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lence of his disposition. Four days more of travel brought the party to within a few miles of the fort; and the Tories now took special delight in impressing upon the prisoners the perils and the sufferings they must endure, in the fearful ordeal they would have to pass, on appaoaching the iwo Indian encampments in front of the fort. This ordeal was nothing less than running the gauntlet, as it is called in Indian warfare a doom supposed to be inevitable to every prisoner; and one which, by direct means, even Thayendanegea bimself had not sufficient power to prevent.
The running of the gauntlet, or rather compelling their prisoners to run it, on the return of a war-party to their camp or village, is a general custom among the American aboriginals- a preliminary that must precede their ultimate fate, either of death or mercy. It is not always severe, however, nor even generally so, unless in respect to prisoners who have excited the particular animosity of the Indians; and it is often rather a scene of amusement than punishment. Much depends on the courage and presence of mind of the prisoner un. dergoing the ordeal. On entering the village or camp, he is shown a painted post at the distance of some thirty or forty yards, and directed to run to, and catch hold of it as quickly possible. His path to the post lies between two parallel lines of people — men, women, and children - armed with hatchets, knives, sticks, and other offensive weapons; and as he passes along, each is at liberty to strike him as severely and as frequently as he can. Should he be so unfortunate as to stumble, or fall in the way, he may stand a chance to lose his life — especially if any one in the ranks happens to have personal wrong to avenge. But the moment he reaches the goal he is safe, until final judgment has been pronounced upon his case. When a prisoner displays great firmness and courage, starting upon the race with force and agility, he will probably escape without much injury; and sometimes, when his bearing excites the admiration of the savages, entirely unharmed. But wo to the coward whose cheeks blanch, and whose nerves are untrue! The slightest mani. festation of fear will deprive him of mercy, and probably of his life.*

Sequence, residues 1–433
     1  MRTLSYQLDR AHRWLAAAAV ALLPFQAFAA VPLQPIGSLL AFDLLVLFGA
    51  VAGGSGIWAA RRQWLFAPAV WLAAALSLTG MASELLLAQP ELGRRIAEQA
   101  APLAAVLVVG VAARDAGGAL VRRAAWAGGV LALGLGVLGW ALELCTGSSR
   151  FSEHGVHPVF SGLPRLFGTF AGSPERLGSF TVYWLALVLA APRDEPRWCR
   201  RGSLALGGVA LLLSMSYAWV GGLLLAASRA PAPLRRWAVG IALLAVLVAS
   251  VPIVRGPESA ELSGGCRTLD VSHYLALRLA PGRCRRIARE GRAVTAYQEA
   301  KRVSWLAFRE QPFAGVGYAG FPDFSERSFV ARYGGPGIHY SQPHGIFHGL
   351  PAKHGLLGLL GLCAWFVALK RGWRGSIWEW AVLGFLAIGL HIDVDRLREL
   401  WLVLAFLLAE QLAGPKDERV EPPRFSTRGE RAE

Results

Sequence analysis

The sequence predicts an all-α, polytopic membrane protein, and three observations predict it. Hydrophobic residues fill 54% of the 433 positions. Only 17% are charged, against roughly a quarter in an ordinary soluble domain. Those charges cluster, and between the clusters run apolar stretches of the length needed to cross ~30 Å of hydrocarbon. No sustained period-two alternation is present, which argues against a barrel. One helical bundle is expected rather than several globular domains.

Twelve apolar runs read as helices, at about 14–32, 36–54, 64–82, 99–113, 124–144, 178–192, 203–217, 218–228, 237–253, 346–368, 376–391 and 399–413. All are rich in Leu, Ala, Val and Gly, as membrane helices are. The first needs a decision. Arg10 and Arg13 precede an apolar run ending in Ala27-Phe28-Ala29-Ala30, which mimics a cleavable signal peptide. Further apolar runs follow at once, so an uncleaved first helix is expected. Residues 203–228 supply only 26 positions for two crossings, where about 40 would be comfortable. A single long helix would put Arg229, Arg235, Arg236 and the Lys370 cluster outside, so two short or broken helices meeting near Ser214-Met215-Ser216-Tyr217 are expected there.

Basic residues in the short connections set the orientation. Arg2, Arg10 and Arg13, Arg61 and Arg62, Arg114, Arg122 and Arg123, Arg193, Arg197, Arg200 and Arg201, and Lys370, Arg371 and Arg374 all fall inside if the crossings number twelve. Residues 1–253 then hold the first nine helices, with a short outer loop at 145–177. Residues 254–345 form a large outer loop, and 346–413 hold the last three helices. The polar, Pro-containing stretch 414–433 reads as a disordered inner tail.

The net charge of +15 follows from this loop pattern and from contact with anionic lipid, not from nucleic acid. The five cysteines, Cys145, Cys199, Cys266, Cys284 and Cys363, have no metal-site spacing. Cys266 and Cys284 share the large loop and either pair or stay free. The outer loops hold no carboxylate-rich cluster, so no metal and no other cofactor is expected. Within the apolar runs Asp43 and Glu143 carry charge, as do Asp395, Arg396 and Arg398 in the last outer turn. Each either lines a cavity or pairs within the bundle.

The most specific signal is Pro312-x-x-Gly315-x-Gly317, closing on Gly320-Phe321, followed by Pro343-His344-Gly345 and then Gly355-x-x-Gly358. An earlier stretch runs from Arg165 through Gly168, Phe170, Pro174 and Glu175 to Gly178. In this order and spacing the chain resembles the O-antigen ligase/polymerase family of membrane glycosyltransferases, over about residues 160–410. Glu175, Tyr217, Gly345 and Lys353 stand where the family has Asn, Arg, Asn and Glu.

Such was the scene which Harper and his fellow-prisoners now
* 'In the month of April, 1782, when I was myself a prisoner, at Lower Sandusky, waiting for an opportunity to proceed to Detroit, I witnessed a scene of this description which fully exemplified what I have above stated. Three American prisoners were one day brought in by fourteen warriors from the garrison of Fort McIntosh. As soon as they had crossed the Sandusky river, to which the village lay adjacent, they were told by the Captain of the party to run as hard as they could io a painted post which was shown to them. The youngest of them, without a moment's hesitation, immediately started for it, and reached it fortunately without receiving a single blow; the second hesitated for a moment, but recollecting hiniself, he also ran as fast as he could, and likewise reached the post unhurt. But the third, frightened at seeing so many men, women, and children, with weapons in their hands ready to strike hiin, kept begging the Captain to spare his life, saying he was a mason, and would build him a large stone house, or do any work for him that he should please. 'Run for your life,' cried the Chief to him, 'and don't talk now of building houses ! But the poor fellow still insisted, begging and praying to the Captain; who, at last, finding his exhortations vain, and fearing the consequences, turned his back upon him, and would not hear him any longer. Our mason now began to run, but received many a hard blow, one of which nearly brought him to the ground, which, if he had fallen, would at once have decided his fate. He, however, reached the goal, not without being badly bruised, and he was, beside, bitierly reproached and scoffed at all round as a vile coward; while the others were hailed as brave men, and received tokens of universal approbation.'